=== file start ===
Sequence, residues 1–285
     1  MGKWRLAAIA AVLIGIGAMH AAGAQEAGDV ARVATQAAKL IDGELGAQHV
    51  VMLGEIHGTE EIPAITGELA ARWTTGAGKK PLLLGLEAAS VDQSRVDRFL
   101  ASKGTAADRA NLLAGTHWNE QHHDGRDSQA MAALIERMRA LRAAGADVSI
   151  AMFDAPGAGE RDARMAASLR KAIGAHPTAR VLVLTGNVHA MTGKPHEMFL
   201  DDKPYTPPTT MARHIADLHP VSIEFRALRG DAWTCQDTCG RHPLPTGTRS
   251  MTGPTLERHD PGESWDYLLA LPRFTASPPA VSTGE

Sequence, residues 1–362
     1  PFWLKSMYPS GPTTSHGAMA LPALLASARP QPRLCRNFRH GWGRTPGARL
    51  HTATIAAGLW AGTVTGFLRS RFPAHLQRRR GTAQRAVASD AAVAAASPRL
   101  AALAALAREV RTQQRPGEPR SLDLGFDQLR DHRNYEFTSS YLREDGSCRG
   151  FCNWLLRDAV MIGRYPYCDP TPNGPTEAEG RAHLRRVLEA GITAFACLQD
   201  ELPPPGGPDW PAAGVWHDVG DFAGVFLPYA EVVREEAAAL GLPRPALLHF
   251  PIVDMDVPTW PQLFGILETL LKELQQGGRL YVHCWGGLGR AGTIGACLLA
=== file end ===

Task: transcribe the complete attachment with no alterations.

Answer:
Sequence, residues 1–285
     1  MGKWRLAAIA AVLIGIGAMH AAGAQEAGDV ARVATQAAKL IDGELGAQHV
    51  VMLGEIHGTE EIPAITGELA ARWTTGAGKK PLLLGLEAAS VDQSRVDRFL
   101  ASKGTAADRA NLLAGTHWNE QHHDGRDSQA MAALIERMRA LRAAGADVSI
   151  AMFDAPGAGE RDARMAASLR KAIGAHPTAR VLVLTGNVHA MTGKPHEMFL
   201  DDKPYTPPTT MARHIADLHP VSIEFRALRG DAWTCQDTCG RHPLPTGTRS
   251  MTGPTLERHD PGESWDYLLA LPRFTASPPA VSTGE

Sequence, residues 1–362
     1  PFWLKSMYPS GPTTSHGAMA LPALLASARP QPRLCRNFRH GWGRTPGARL
    51  HTATIAAGLW AGTVTGFLRS RFPAHLQRRR GTAQRAVASD AAVAAASPRL
   101  AALAALAREV RTQQRPGEPR SLDLGFDQLR DHRNYEFTSS YLREDGSCRG
   151  FCNWLLRDAV MIGRYPYCDP TPNGPTEAEG RAHLRRVLEA GITAFACLQD
   201  ELPPPGGPDW PAAGVWHDVG DFAGVFLPYA EVVREEAAAL GLPRPALLHF
   251  PIVDMDVPTW PQLFGILETL LKELQQGGRL YVHCWGGLGR AGTIGACLLA